Stigler’s Law, for you non-math types, states that no theorem is named for the actual person who dreamed it up and proved it in longhand. In other words, no discovery is named for its true discoverer. And because of this collective disregard for the truth, we may never know the real identities of the world’s greatest inventors, mathematicians, alchemists, cartographers, and philosophers.
Now I like misinformation as much as the next compulsive liar, but I worry about the ramifications of going through life believing with all certainty in “facts” that turn out to be mere fiction. For example, you might be familiar with boldface names like Christopher Columbus (from Columbus Day, the holiday) or Amerigo Vespucci (from America, the continent). These famed Italian Jews are widely credited with discovering the land we call our own. But you might not have heard of Zheng-He, the Chinese eunuch who, according to renowned pseudo-historian Gavin Menzies, sailed all the way to the “West Indies” in 1421. Now, I hate to fill this column with more math, but that’s a whole 71 years before the Santa Maria and the Pinta ever arrived upon these golden shores. My Norse editor might be tempted to interject here and point out that the Vikings predated all other explorers and that the whole idea of “discovering” a place where other human beings had lived for centuries is, at best, dubious—my point exactly.
When we accept status-quo information as the correct version of events, we let the braggarts and boasters take credit for ideas that were not theirs, for deeds they did not do, for work that was not their own. And there are consequences. Without a serious re-evaluation of our behavior, how can we prevent another Rosalind Franklin from having her X-ray DNA diffraction images stolen by those fame-whores Crick and Watson? How can we distribute credit accurately and justly?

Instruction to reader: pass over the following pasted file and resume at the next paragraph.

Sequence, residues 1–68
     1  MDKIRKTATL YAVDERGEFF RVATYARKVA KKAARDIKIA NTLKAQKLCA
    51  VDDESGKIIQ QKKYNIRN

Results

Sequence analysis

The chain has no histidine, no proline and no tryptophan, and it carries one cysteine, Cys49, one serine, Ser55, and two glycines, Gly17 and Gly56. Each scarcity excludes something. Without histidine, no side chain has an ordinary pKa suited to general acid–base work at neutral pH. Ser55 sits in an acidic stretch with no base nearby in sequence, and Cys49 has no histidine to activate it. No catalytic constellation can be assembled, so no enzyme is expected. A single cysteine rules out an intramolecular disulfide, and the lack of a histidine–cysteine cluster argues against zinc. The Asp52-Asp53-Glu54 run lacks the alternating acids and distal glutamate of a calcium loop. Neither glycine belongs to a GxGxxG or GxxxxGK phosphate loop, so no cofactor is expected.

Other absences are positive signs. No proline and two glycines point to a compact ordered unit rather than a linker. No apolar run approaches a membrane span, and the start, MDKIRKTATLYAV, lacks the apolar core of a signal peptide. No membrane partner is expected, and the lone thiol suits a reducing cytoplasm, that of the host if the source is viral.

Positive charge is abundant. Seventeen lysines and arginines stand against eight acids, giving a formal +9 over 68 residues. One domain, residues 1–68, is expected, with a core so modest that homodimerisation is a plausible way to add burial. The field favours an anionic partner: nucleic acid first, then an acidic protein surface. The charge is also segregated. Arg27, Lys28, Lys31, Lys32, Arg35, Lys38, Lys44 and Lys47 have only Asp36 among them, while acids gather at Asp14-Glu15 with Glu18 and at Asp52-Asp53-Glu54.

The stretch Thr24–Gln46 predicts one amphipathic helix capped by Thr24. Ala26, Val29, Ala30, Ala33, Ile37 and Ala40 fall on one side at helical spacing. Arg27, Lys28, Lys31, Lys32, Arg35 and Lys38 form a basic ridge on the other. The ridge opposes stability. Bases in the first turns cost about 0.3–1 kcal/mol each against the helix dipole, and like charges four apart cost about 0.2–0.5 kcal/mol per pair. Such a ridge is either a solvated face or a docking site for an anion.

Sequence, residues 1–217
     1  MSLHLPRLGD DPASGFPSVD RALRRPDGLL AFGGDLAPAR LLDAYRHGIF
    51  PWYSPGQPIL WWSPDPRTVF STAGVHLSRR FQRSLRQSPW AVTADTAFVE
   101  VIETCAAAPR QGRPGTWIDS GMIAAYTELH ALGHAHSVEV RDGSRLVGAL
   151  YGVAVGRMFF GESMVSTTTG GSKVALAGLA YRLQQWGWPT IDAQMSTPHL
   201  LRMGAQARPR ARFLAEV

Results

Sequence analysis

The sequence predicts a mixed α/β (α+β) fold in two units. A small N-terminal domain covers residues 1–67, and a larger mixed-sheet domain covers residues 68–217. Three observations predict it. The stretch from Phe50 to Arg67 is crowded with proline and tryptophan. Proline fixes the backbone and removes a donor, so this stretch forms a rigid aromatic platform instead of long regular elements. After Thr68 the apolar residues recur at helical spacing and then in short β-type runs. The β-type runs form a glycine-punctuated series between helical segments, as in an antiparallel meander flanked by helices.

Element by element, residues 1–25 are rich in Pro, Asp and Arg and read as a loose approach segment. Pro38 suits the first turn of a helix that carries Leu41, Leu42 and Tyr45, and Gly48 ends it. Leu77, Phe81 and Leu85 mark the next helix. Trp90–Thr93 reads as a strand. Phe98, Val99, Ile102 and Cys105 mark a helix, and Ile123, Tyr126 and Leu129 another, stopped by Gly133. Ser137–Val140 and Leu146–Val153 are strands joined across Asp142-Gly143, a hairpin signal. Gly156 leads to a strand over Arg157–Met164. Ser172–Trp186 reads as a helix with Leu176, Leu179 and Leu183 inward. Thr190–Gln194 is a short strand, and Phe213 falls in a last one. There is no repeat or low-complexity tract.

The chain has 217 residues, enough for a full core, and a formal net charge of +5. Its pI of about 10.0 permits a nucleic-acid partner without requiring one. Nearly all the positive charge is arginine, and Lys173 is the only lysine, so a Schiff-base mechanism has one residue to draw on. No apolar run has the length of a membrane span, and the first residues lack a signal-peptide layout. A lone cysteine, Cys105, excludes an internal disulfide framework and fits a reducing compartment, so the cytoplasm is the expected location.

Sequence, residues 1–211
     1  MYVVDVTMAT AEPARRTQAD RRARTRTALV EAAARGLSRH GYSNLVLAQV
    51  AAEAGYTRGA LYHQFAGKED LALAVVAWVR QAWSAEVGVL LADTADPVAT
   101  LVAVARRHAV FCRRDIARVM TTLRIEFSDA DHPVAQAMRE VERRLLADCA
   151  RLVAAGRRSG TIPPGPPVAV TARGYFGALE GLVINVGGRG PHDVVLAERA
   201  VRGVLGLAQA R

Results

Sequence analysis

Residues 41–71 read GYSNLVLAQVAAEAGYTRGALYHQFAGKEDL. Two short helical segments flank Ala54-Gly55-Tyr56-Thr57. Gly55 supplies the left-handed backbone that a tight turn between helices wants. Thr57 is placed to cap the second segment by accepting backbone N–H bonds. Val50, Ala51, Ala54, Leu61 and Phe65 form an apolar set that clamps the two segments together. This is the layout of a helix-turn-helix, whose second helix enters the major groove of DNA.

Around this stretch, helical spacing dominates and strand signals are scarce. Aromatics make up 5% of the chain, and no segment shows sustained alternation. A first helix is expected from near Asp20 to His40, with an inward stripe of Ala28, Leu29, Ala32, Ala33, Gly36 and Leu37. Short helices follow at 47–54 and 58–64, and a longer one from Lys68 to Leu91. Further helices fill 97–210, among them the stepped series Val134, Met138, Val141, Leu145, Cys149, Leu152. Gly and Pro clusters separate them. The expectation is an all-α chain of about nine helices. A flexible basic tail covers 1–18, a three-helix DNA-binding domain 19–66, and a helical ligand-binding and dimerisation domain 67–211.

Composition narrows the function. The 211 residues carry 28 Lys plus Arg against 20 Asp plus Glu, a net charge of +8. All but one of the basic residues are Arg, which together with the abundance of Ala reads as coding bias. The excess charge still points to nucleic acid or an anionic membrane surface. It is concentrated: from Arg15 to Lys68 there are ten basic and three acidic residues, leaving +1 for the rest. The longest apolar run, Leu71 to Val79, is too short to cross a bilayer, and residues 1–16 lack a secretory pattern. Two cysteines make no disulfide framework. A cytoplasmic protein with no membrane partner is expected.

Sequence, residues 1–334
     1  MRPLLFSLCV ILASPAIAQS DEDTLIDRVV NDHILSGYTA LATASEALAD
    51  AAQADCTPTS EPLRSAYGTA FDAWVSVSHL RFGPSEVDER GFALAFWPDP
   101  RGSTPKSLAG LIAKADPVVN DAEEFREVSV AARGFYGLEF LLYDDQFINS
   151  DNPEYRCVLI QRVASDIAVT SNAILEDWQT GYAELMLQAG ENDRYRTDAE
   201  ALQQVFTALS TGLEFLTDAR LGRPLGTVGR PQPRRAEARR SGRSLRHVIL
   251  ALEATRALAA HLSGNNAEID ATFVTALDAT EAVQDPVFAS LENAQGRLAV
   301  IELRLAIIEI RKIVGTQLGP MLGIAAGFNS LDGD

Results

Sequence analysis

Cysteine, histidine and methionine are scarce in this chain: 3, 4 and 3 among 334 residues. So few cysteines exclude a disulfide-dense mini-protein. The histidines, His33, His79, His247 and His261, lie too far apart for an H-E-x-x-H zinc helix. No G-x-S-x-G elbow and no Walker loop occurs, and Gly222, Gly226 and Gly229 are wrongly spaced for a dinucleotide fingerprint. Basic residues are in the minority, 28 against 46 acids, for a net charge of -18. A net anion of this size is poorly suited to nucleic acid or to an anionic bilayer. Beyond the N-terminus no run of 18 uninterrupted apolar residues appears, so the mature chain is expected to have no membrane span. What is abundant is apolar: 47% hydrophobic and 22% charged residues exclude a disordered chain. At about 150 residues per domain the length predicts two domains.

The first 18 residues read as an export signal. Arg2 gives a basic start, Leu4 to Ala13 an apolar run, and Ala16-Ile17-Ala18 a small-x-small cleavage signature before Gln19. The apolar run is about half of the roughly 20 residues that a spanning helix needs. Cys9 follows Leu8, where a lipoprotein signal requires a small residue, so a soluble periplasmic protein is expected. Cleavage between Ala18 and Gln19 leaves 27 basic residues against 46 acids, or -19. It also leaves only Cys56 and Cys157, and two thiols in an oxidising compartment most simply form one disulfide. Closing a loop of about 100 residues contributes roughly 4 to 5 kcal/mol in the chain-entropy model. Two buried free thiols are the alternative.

To be sure, it may not be possible to revise the past or correct centuries of injustice, especially now that textbook publishers in Texas are in charge of writing history. But looking forward, I think we could make some cultural changes. We are a take-credit kind of society where people routinely feel the need to attach themselves to achievements or claim singular greatness. It’s hard to share in success equally, and few find it easy to appreciate the talent of others unless, of course, they gave birth to them. Even though it’s rare that anyone accomplishes much alone, our individualistic society unwisely looks to reward just one person. Maybe that’s just the way the capitalist system works; I wouldn’t know, I’ve never taken a single econ course.
As a religious studies major, however, I’ve learned about the power of generosity and the ability or even the inclination to give instead of taking. I love generous people. Generous people look for the good in others and are less concerned with self-promotion. They recognize that in turn for the help they receive on their way to fame and fortune, they should spread the goodwill and extend a hand to fledgling college grads who are looking for a first job.
Good credit, bad credit, credit score report dot com, insufficient credit to graduate—credit is really on my mind these days. I want to conclude, however, that the only kind of credit that really matters is not your Visa or Mastercard, your Golden Globe or ESPY, your bank account or your paycheck, but the kind you remember to give to the anonymous and forgotten heroes of our history, like the penis-less man who sailed from China nearly 600 years ago.